Should You Pay for an Initial Web Marketing Consultation Prior to a Proposal?

Handshake for a Web Marketing Proposal

You and I paid for this graphic, by federal taxes to the FDIC website.

A paid initial consultation in web marketing prioritizes what you should even consider, projects ROI that you can later track, and thus produces a proposal honed to your precise needs.

In theory, an initial free consultation can do the same as a paid consultation, but in reality the proposing firm’s incentives often undermine the value of a free consultation because:

  1. The good search marketing firm is likely to enjoy plenty of demand, so unless your business is exceptionally large or otherwise desirable, the firm won’t spend much time on a free initial consultation — at least not by the principles of the firm who know the most.
  2. The not so good firm or one that aims to expand rapidly by selling a lot and using a factory model of lower-wage, lower-skilled people has the incentive to make the consultation little more than a proposal that prioritizes by what they sell, not by what you need.

A good paid initial consultation will give you plenty of value that stands alone, regardless of whether you do further work with the firm that did the consultation. That is, the resulting report will prioritize by projected ROI the several search or web marketing channels you should consider, and then you can ask several firms for proposals that address the priorities.

How much should you spend on an initial consultation? Obviously that depends on how many web marketing channels you want to prioritize and on the amount of time devoted to gathering and calculating data by which accurately to project ROI. At DISC, for example, our minimum initial consultation in search marketing is $750, averages about $1400, and sometimes exceeds $2500. Our minimum initial consultation in social media is $525, and our social media marketing plans average $2450. Other factors influencing the cost of an adequate initial consultation are the keyword diversity of your offerings, the extent of your past data on traffic, conversions, and profit, and how many in-house employees and weekly hours per employee must be considered in the cost inputs within the ROI projections.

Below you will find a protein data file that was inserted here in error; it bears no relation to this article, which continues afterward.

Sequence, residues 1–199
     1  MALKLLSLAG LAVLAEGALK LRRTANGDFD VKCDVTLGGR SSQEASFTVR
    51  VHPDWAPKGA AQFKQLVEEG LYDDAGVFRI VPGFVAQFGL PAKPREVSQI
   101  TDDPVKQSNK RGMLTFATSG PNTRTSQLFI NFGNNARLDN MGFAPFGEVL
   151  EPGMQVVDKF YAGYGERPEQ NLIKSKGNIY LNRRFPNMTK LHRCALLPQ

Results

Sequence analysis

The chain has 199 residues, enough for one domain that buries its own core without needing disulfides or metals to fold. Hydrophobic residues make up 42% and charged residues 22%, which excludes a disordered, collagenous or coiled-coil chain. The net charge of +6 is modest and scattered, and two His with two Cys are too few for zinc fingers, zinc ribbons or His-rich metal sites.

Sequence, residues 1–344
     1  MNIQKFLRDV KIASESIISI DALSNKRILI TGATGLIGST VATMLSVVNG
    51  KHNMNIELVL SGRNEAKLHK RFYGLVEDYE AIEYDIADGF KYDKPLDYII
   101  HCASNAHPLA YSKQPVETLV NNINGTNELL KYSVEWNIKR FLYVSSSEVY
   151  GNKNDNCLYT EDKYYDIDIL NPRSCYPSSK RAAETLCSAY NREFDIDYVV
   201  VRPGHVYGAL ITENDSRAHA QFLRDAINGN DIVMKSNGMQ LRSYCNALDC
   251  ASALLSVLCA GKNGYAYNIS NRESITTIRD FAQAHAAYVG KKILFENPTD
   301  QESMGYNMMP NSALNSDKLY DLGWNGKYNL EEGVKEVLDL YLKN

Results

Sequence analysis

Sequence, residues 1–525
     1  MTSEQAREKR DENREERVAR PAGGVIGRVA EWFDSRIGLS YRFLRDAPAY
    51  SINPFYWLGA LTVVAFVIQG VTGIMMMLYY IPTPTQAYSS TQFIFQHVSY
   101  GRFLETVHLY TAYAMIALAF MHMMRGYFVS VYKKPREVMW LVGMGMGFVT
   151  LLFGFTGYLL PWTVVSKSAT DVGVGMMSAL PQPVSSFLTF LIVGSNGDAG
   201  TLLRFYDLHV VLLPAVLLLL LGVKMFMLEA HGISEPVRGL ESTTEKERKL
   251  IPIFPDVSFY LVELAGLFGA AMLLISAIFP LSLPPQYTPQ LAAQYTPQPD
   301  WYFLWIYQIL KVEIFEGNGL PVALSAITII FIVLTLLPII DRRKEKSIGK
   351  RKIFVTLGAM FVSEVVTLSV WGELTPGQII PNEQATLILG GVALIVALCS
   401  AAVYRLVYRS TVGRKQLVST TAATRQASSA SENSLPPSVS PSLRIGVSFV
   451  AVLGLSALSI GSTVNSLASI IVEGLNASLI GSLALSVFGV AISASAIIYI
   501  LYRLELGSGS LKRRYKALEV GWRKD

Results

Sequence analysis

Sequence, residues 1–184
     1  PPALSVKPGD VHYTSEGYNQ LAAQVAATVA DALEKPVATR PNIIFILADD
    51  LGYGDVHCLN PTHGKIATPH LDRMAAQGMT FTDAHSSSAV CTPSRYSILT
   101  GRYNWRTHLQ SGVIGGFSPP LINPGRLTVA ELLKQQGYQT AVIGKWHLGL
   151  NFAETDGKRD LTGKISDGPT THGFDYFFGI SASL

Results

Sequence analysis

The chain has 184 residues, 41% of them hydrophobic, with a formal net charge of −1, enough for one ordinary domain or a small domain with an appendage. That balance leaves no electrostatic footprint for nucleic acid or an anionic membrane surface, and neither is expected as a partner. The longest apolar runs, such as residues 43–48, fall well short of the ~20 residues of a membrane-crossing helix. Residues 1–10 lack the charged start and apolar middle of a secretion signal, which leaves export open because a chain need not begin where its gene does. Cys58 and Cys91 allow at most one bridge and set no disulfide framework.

If you know exactly what you want from the firm, then the initial consultation, free or paid, is probably a waste of everyone’s time.

You can always invest more in SEO copywriting, SEO recoding of your CMS, pay-per-click, shopping comparison site marketing, social media marketing, conversion rate optimization, email marketing, and refinement of analytics and reporting, but if you’re sure that you need only one of these things (that it would deliver the highest return on investment), and if, even better, you know exactly what you want to do within one of those channels, than any good firm should be able to provide a well-suited proposal without the need for much if any initial consulting.

Unlike the earlier days of search marketing when now antiquated conventions of proposals and initial consultations formed, now the complex array of options and their varying applicability to each business and website creates a more nuanced dynamic — perhaps a game theory dynamic — during your first contact with prospective web marketing firms. That complexity and those dynamics place a premium value on the experience and trustworthiness of the people who will guide you to your proposal.

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